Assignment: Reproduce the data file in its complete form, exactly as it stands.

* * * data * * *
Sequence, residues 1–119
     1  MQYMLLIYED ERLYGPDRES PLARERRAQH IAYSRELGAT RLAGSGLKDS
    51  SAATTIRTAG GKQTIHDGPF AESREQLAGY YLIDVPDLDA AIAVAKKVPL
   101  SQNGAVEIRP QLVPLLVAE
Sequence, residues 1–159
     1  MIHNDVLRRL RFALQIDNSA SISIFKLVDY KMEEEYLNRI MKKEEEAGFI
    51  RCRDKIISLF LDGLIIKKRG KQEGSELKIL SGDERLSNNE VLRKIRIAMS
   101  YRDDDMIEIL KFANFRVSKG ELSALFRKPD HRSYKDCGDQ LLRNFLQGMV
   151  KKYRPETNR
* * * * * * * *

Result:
Sequence, residues 1–119
     1  MQYMLLIYED ERLYGPDRES PLARERRAQH IAYSRELGAT RLAGSGLKDS
    51  SAATTIRTAG GKQTIHDGPF AESREQLAGY YLIDVPDLDA AIAVAKKVPL
   101  SQNGAVEIRP QLVPLLVAE
Sequence, residues 1–159
     1  MIHNDVLRRL RFALQIDNSA SISIFKLVDY KMEEEYLNRI MKKEEEAGFI
    51  RCRDKIISLF LDGLIIKKRG KQEGSELKIL SGDERLSNNE VLRKIRIAMS
   101  YRDDDMIEIL KFANFRVSKG ELSALFRKPD HRSYKDCGDQ LLRNFLQGMV
   151  KKYRPETNR